The tour takes you back in time to appreciate the refined ambiance typical of bourgeois society in early 20th-century Québec. The authentic interior reflects the way of life of the Stuart sisters, whose home it was from 1918 to 1987. At the end of the tour, stay for tea and lemon cake on the wide veranda, a peaceful interlude in the heart of the lively Montcalm district.
One of the few remaining examples of a style of residential architecture popular in Québec from 1830 to 1870, the Maison Henry-Stuart envelops visitors in the refined ambiance typical of bourgeois society in the early 20th century.
In order to comply with the sanitary restrictions, the Maison Henry-Stuart won’t be opening for the summer of 2020.
September to June: by reservation – 8 persons minimum
Students (valid student I.D.) : $6
Children (6-12 years): $3
Guided tour includes tea and lemon cake.
Group (6 to 12 people): reservation needed
The Maison Henry-Stuart is a Regency cottage nestled in a luxuriant English garden. The house is named for the wife of William Henry, who had it built, and for its last owners, the Stuart sisters, Adèle Maud and Mary Lauretta.
In 1849, Mrs. William Henry (née Maria Curry) acquired the lot and engaged British-born builder Joseph Archer to build a cottage. Construction was completed in 1850. In its day, the cottage was ideally situated to harmonize with its natural setting while remaining close to the city. This idea of a rapprochement with nature was inspired by the romantic aesthetic style known as the picturesque movement.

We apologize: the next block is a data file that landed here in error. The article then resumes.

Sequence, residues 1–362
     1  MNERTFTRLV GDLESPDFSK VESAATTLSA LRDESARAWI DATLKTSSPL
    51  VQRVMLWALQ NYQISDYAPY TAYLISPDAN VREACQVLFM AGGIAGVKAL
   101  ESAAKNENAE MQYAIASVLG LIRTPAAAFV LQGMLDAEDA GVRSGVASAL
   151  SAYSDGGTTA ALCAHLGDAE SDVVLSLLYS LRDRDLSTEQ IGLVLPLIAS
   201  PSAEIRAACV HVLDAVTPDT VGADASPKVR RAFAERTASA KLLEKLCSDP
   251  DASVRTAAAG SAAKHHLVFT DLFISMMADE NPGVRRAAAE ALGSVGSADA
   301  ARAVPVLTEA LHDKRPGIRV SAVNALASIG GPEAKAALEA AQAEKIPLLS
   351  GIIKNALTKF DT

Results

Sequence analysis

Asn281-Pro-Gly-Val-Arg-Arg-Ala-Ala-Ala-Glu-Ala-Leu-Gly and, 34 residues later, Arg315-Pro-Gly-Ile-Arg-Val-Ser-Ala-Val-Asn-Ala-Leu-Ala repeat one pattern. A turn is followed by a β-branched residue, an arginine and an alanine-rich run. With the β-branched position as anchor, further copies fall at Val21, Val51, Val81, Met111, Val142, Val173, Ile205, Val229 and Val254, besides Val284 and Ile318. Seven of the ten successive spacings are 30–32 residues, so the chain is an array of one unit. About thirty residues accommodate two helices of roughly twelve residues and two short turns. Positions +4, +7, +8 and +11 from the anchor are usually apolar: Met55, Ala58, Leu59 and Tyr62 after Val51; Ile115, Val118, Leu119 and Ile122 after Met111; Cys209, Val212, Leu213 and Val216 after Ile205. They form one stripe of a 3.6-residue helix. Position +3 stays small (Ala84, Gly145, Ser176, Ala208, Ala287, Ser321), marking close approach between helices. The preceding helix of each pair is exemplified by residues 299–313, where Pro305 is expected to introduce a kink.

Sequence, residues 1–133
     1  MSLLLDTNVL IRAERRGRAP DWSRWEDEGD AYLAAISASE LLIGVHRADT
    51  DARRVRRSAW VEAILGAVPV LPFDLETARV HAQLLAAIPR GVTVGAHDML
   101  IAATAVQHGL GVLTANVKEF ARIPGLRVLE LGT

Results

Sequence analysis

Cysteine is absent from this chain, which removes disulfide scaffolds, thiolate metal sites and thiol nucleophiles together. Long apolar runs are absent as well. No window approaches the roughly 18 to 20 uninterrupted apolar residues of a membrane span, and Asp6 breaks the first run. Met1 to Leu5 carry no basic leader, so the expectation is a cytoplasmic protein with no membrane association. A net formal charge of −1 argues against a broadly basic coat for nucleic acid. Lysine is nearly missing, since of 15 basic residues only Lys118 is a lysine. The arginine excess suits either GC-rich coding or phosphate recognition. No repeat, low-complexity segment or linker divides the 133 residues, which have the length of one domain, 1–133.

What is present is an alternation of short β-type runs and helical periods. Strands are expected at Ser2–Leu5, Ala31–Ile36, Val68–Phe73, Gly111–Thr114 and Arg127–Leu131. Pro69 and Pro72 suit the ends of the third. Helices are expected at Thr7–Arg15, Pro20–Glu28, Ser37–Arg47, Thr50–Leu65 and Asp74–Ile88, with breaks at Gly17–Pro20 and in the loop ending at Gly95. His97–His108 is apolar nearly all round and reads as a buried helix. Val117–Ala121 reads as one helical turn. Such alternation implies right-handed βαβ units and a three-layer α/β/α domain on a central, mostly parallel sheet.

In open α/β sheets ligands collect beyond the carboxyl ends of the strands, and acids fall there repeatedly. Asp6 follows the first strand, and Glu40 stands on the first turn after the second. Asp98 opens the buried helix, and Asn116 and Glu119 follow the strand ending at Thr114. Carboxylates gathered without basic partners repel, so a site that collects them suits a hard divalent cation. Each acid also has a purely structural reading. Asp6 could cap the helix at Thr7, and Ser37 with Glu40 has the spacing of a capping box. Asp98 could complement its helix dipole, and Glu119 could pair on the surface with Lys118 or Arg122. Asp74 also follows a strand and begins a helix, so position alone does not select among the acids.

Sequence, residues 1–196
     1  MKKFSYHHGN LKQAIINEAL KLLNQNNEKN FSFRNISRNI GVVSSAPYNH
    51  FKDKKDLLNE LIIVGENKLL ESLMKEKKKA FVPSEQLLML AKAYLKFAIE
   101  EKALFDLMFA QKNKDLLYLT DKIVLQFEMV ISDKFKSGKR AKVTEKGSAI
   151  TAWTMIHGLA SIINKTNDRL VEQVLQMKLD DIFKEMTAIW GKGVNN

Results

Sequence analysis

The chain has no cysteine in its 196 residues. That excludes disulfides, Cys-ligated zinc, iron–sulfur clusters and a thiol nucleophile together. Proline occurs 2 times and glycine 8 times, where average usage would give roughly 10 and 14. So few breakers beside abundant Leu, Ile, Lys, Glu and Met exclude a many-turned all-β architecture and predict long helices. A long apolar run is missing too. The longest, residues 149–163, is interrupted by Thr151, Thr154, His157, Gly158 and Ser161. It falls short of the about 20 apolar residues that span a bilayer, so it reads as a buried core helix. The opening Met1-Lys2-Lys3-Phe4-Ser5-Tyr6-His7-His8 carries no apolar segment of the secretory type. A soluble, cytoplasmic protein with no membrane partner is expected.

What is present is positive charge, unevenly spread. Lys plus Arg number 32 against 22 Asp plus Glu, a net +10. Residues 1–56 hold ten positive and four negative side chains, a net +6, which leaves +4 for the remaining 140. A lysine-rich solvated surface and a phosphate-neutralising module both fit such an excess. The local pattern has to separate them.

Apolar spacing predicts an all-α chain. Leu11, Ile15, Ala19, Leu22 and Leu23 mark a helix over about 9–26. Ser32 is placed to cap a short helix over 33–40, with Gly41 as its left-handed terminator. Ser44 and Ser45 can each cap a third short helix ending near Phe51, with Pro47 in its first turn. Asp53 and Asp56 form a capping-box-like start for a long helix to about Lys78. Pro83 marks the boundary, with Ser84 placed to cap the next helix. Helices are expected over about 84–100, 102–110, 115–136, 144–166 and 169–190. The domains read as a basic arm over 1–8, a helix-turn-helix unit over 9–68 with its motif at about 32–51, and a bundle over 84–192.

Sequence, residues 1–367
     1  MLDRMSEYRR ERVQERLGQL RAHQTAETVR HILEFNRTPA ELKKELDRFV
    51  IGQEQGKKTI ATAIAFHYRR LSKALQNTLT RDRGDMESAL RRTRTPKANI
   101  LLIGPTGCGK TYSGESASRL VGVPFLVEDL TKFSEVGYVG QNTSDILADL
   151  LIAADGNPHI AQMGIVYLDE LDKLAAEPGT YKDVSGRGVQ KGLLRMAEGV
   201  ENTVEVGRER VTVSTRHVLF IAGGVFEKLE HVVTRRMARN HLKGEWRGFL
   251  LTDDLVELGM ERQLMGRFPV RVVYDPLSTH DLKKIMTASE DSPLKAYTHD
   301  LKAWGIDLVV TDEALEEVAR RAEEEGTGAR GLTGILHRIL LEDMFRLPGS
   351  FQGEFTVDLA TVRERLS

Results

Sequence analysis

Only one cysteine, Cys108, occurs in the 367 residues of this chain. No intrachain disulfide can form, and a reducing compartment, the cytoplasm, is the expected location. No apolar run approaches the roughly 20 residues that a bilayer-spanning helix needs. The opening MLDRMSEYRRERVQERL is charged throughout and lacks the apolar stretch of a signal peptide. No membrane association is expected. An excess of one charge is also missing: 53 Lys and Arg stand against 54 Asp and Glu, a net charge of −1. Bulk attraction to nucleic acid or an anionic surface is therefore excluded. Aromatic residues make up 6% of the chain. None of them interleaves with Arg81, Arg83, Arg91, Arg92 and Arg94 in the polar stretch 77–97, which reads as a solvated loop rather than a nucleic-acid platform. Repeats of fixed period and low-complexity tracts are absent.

The property owes its remarkable state of conservation to the fact that it had a limited number of owners over the years. In 1917, Mary O’Meara, widow of James de Gaspé Stuart, rented the cottage along with her two daughters, Mary and Adèle Stuart. The three women bought the property together in 1918. Having kept its original interior, the house faithfully reflects the way of life of Québec’s English-speaking bourgeois society.
The Stuart family cared for the house right up to the death of Adèle in 1987. The following year, in response to recommendations by the Conseil des monuments et sites du Québec (today, Action patrimoine), the Ministère de la Culture et des Communications du Québec classified the house and garden under the Cultural Property Act. In 1992, the estate of Adèle Stuart donated the personal property making up the collection to Action patrimoine. This marked the first time an indivisible property of this kind was classified in Québec. It became a museum in 1993, and the federal government designated the Maison Henry-Stuart a National Historic Site of Canada in 1999.
The Maison Henry-Stuart has been preserved intact thanks to the conviction and perseverance of France Gagnon Pratte, Marie Nolet and Louise Mercier.
To learn more about the Maison Henry-Stuart, read The Delicate Charm of the Henry-Stuart House, sold here.
82, Grande Allée Ouest
Québec (Québec) G1R 2G6
418 647-4347, ext. 209
Join our lively group of volunteers who proudly promote the Maison Henry-Stuart. Their contribution is vital toward helping us continue to offer quality services, a warm welcome and our charming tea-time invitation.
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